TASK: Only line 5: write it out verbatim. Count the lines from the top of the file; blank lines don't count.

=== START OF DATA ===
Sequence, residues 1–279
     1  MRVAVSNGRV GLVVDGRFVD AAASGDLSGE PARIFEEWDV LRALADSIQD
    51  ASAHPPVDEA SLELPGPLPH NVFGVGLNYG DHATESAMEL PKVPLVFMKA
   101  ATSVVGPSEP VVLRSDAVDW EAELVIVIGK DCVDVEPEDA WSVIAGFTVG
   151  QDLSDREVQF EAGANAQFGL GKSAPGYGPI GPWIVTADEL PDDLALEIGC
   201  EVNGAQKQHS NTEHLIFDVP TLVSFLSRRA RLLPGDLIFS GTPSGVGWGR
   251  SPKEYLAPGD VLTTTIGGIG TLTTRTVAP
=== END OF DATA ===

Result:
   151  QDLSDREVQF EAGANAQFGL GKSAPGYGPI GPWIVTADEL PDDLALEIGC